• Students are expected to utilize research methods from professional design practice and other related fields in their design process; to make judgments about the appropriateness of specific research methods and strategies for the specific nature of a design task; and to refine or develop research design methods as necessary.
  • Students are expected to utilize research and design methods and tools that are appropriate to supporting collaborative work, engaging human-subject research, and addressing complex problems.
  • While addressing the potential for economic, social, cultural, and technological impacts of their designs, students are expected to conceive and produce studio work that includes speculative and propositional as well as concrete, functional solutions which are three-dimensionally prototyped.
  • Students are expected to demonstrate verbal, oral and visual communication skills throughout their design development process including interpersonal, formal and informal presentations and critiques.
  • Students are expected to demonstrate an advanced professional competence in a specific design specialization or depth of knowledge through a significant body of design work associated with studios and their final project.
  • Students are expected to use analytical tools, design processes, technologies, and information gathered from primary and secondary sources to develop concepts, reveal patterns of information, create rationales for specific design solutions or within projects, and to engage in both solution development and evaluation.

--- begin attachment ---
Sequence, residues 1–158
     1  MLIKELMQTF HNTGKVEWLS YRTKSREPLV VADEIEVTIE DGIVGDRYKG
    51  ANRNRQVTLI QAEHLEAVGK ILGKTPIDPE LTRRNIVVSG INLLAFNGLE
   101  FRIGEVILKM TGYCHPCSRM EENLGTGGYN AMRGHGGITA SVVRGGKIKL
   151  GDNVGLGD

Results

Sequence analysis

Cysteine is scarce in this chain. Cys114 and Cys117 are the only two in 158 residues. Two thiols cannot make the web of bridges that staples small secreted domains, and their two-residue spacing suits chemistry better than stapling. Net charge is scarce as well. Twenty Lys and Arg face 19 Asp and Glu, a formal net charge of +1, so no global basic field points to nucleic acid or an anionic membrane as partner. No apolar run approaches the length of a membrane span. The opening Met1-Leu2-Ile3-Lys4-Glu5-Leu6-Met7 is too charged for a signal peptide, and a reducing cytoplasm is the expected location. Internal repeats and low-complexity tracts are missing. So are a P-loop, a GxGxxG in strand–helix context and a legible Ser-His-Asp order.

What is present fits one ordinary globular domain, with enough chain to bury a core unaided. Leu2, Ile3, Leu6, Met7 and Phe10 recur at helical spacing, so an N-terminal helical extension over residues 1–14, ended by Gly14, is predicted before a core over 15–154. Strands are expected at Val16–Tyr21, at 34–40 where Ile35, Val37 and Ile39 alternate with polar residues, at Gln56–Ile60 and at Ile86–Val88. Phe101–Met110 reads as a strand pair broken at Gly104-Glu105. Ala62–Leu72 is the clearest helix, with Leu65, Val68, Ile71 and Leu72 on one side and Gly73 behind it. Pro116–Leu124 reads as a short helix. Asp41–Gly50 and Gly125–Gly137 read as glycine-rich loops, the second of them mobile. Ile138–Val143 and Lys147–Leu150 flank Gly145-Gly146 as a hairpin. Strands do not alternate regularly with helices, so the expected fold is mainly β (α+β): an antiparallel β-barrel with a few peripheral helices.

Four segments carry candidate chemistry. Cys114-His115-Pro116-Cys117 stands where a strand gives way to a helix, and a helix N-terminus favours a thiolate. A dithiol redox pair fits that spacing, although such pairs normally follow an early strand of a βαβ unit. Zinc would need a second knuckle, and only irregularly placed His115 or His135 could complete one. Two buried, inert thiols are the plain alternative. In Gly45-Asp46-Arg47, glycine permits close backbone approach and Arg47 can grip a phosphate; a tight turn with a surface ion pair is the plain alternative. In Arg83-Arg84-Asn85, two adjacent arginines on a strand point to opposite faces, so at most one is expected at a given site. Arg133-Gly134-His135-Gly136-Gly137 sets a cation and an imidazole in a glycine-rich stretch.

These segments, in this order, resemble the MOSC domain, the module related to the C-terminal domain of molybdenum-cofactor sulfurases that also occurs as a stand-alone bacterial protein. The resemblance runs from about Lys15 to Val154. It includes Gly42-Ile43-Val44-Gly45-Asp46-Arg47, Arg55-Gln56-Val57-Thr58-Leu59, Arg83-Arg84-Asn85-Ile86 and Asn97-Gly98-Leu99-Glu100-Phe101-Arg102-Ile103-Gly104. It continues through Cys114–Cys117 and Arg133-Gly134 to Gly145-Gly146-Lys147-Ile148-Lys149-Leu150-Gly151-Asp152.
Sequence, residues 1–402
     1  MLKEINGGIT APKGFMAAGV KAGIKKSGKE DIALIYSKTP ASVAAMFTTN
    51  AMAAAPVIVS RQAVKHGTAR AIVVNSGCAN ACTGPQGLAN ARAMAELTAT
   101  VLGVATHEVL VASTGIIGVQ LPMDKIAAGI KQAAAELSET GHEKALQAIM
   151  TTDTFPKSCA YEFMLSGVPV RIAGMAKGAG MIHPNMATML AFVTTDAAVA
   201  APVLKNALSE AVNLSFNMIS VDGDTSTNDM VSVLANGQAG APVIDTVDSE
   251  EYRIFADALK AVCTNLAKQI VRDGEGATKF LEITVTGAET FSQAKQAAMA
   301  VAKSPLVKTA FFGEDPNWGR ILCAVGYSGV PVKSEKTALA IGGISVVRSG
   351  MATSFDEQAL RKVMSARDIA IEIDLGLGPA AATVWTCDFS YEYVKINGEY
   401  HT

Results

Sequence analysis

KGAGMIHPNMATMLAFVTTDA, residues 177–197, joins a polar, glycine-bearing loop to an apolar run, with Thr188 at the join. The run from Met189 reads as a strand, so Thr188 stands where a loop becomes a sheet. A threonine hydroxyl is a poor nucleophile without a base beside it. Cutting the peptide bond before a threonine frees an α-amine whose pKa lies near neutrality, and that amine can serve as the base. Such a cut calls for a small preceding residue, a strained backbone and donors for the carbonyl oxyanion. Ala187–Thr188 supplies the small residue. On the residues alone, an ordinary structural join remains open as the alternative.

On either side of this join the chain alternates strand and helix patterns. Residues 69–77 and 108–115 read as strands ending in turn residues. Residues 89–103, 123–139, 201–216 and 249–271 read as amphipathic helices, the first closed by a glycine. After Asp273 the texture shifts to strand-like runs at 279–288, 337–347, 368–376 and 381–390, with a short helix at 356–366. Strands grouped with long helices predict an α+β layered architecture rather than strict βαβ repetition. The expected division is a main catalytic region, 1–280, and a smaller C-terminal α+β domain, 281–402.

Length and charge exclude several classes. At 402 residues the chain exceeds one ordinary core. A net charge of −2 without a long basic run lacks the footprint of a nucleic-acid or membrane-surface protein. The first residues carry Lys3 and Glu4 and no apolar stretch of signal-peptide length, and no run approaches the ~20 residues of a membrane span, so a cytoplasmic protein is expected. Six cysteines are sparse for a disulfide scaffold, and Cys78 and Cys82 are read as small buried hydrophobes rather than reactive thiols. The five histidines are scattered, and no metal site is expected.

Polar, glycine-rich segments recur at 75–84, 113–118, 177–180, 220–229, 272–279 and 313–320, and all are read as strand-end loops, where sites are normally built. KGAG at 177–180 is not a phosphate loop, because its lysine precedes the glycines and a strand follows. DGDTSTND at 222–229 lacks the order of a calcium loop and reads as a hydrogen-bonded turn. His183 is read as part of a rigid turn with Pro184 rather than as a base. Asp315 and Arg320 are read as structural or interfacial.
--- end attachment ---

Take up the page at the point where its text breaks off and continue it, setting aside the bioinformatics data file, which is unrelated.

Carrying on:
• Evidence for each outcome will be collected from the MID students’ studio project reviews and final project proposals, reports and presentations.

Studio Experience

Bong Il Jin teaching

At the master’s level, the industrial design studio experience centers both on design methodology and intellectual inquiry. The studio courses require that students synthesize knowledge gained both through instruction and investigation, and apply that knowledge in the development of ideas and the task of problem-solving. The master’s level student is expected to demonstrate a mastery of subject matter in their field, both in practical application and scholarly investigation.

Industrial design graduate students also have the opportunity to participate in industry collaborative studio projects sponsored by corporate sponsors such as Bosch Siemens Home Appliance, Eastman Chemical, JLG, and Bioventus. Sponsored projects provide students with the experience of designing in a real-world setting and interacting with professional designers, engineers, and business executives.

Students are expected to maintain regular attendance in the graduate studio. Your presence in the space affords you the opportunity to interact with your peers and to immerse yourself in the graduate program. You are expected to maintain a professional workspace that is populated with current, process work yet clean. Faculty may schedule periodic visits, critiques, or presentations during these times. Students holding teaching assistantships must work around this schedule in the execution of their duties and notify faculty of assignments that take them out of the studio space during regular hours.